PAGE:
“The physical destruction and loss of life on both sides was almost beyond comprehension, but the North suffered the greater damage, due to American saturation bombing and the scorched-earth policy of the retreating U.N. forces,” historian Charles K. Armstrong wrote in an essay for the Asia-Pacific Journal. “The U.S. Air Force estimated that North Korea’s destruction was proportionately greater than that of Japan in the Second World War, where the U.S. had turned 64 major cities to rubble and used the atomic bomb to destroy two others. American planes dropped 635,000 tons of bombs on Korea—that is, essentially on North Korea—including 32,557 tons of napalm, compared to 503,000 tons of bombs dropped in the entire Pacific theatre of World War II.” As Armstrong explains, this resulted in almost unparalleled devastation. “The number of Korean dead, injured or missing by war’s end approached three million, ten percent of the overall population. The majority of those killed were in the North, which had half of the population of the South; although the DPRK does not have official figures, possibly twelve to fifteen percent of the population was killed in the war, a figure close to or surpassing the proportion of Soviet citizens killed in World War II.”
Twelve to fifteen percent of the entire population was murdered by US forces in Korea during the last war (compare these figures to the so-called ‘genocide’ of Srebrenica!). That is what Nikki Haley and the psychopaths in Washington DC are really threatening to do when they speak of taking the situation “in their own hands” or, even better, when Trump threatens to “totally destroy” North Korea. What Trump and his generals forget is that we are not in 1950 but in 2017 and that while the Korean War had a negligible economic impact on the rest of the planet, a war the middle of Far East Asia today would have huge economic consequences. Furthermore, in the 1950 the total US control over the mass media, at least in the so-called “free world” made it relatively easy to hide out the murderous rampage by US-led forces, something completely impossible nowadays. The modern reality is that irrespective of the actual military outcome on the ground, any US attack on the DPRK would result is such a massive loss of face for the US that it would probably mark the end of the US presence in Asia and a massive international financial shock probably resulting in a crash of the currently already fragile US economy. In contrast, China would come out as the big winner and the uncontested Asian superpower.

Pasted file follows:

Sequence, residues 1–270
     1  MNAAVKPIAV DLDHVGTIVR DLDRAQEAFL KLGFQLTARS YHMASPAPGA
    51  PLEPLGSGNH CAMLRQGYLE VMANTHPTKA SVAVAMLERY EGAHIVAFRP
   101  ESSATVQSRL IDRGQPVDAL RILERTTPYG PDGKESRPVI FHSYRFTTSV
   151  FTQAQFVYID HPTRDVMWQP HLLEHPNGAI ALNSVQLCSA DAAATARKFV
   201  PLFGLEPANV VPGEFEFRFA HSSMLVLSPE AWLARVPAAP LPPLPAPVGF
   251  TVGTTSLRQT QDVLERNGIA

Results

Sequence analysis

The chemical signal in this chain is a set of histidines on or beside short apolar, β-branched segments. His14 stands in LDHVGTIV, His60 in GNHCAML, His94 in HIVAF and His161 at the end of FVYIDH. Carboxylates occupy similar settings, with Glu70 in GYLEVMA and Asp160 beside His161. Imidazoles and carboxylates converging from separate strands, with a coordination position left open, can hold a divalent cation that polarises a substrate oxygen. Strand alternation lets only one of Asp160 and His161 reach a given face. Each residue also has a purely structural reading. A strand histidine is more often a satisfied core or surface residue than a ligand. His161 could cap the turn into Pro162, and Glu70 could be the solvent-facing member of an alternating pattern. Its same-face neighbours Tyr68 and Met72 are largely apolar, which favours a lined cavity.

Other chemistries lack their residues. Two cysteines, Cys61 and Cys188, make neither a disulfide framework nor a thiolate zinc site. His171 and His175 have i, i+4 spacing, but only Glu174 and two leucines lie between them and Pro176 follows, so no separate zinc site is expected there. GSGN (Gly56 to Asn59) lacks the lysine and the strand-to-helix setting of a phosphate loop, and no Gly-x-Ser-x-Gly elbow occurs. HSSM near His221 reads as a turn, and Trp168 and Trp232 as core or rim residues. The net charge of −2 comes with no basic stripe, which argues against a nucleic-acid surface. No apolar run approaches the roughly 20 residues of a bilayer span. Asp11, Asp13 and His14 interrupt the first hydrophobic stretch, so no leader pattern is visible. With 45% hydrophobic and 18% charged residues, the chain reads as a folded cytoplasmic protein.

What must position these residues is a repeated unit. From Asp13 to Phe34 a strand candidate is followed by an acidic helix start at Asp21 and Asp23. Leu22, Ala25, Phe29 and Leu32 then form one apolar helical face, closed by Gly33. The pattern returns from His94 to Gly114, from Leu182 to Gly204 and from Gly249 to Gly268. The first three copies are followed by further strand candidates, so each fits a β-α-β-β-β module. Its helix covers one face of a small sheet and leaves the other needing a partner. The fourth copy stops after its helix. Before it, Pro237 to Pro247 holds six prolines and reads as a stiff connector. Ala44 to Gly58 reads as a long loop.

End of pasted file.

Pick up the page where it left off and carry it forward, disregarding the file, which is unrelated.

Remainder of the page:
All the threats coming out of US politicians are nothing more than delusional hot air. A country which has not won a single meaningful war since the war in the Pacific and whose Army is gradually being filled with semi-literate, gender-fluid and often conviction or unemployment avoiding soldiers is in no condition whatsoever to threaten a country with the wide choice of retaliatory options North Korea has. The current barrage of US threats to engage in yet another genocidal war are both illegal under international law and politically counter-productive. The fact is that the US is unlikely to be able to politically survive a war against the DPRK and that it now has no other option than to either sit down and seriously negotiate with the North Koreans or accept that the DPRK has become an official nuclear power.